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An unusual cold snap has already hit this year. Let's get your plants ready for the next one.

If you blink, you might miss fall in south Louisiana. It seems like we zoomed from summer straight into a deep freeze.

While milder temperatures have returned, it's a good time to talk about how to care for freeze-damaged plants. We dropped to 24 degrees, breaking low temperature records for this time of year dating to 1907.

If you were caught off guard and your plants suffered freeze damage, you can do some things to help them recover. After short-lived light freezes, plants can usually come back. After long, hard freezes, there’s no guarantee.

How do you know if a plant has been damaged by a freeze? Most tropical plants will lose turgidity, become droopy or shriveled and look like they need water. The foliage will turn from green to brown or purple.

After an extended hard freeze, plant stems may split and peel. If that happens, the plant is most likely dead.

In extended hard freezes, the water in between and within the cells of the plants freeze, causing the cells to expand and rupture, resulting in damaged plant tissue. This type of damage is typically irreversible. You will see this most often in tropical plants, such as hibiscus, cannas, pentas, vinca, angel’s trumpet, banana trees, gingers, succulents and cassia trees.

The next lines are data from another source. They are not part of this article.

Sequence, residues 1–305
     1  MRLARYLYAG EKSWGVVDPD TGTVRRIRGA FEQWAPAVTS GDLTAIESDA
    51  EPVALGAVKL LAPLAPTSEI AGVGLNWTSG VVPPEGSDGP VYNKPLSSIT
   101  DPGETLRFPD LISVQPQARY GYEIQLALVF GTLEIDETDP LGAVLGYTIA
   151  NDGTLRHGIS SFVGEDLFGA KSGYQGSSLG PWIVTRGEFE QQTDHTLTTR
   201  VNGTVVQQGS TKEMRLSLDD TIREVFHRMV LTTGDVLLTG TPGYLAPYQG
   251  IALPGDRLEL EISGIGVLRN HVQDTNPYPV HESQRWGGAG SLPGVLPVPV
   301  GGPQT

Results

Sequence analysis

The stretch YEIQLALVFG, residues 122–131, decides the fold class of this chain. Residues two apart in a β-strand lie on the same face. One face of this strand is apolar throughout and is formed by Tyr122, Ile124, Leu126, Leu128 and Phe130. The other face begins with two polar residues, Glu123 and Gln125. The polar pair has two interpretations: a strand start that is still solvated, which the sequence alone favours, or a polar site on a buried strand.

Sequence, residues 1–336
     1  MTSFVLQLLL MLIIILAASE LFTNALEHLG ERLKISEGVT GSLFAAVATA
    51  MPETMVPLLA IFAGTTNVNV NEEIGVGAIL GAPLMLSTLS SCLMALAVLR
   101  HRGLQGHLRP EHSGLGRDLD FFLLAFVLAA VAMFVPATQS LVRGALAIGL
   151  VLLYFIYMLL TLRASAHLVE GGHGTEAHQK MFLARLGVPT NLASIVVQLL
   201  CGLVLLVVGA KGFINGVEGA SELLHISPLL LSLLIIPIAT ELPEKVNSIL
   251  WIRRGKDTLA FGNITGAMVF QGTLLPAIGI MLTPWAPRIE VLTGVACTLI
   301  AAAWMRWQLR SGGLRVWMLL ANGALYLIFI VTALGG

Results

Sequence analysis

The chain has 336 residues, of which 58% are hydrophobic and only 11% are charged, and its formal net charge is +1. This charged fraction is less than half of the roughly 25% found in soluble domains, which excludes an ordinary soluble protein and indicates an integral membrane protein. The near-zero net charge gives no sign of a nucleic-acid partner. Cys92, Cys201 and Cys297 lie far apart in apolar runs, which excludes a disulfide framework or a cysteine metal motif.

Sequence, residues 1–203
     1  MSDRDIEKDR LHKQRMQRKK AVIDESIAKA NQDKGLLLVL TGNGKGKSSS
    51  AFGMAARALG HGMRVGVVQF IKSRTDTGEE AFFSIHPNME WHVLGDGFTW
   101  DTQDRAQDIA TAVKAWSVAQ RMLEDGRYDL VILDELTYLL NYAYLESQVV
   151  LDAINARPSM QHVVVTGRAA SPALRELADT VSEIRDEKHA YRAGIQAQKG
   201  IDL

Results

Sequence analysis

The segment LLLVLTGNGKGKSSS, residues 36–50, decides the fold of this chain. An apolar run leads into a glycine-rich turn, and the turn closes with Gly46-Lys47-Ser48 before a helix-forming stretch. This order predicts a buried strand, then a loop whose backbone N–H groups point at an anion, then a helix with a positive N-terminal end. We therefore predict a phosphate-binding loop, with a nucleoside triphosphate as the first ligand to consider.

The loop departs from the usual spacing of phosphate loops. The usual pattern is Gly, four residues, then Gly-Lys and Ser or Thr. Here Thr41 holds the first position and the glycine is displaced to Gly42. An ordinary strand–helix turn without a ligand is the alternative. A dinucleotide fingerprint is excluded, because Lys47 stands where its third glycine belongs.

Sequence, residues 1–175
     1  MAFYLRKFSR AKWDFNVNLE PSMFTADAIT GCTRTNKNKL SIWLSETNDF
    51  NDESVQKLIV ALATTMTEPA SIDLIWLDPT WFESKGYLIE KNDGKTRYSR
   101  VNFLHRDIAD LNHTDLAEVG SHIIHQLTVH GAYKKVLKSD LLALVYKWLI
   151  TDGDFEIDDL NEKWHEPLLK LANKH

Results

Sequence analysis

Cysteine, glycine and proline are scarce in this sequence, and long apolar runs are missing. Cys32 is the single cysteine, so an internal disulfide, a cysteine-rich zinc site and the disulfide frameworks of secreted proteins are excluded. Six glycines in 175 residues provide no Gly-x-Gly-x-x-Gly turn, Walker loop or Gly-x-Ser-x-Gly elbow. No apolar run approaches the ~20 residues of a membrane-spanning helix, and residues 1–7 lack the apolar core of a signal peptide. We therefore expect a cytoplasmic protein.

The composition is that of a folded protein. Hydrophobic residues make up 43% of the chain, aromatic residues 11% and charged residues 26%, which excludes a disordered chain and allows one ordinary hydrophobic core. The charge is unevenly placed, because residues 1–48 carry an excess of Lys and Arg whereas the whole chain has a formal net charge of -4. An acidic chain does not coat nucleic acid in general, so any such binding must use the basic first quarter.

So what should you do? First, be patient. Do not go straight for the pruners and cut everything back. It takes several days for plants to show just how damaged they are.

If plants are mushy and slimy, remove this material to prevent fungal infection or disease in the days to come. You may cut out the dead material to clean things up. For woody plants, wait until spring. You can check for life on woody plants and perennials by scratching the bark of stems and look for green color underneath. If you find green, you’re in luck. Your plant is still alive.

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If you covered your plants, remove the plastic or sheets on warm, sunny days. They will need plenty of sunlight to photosynthesize and stay healthy. Remember, plants make their own food from energy from the sun. 

If you weren't ready for that first freeze, now is the time to prepare for the next one.

Tropical and subtropical plants that have tender herbaceous foliage are the most susceptible to damage. If they can be moved, bring them indoors or into a garage. You may choose to move them under a patio and cover them with plastic or sheets all the way to the ground. This helps trap heat under the cover and prevents frost from forming on leaves. Leave the light on to help generate a very small amount of heat.

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Additionally, you should water plants, especially container plants. Water is an insulator, and wet soil will be warmer than dry soil.

Mulch also helps to insulate the roots of plants. Loosely pack straw or pine needles around the base of plants.

Email questions to gardennews@agcenter.lsu.edu.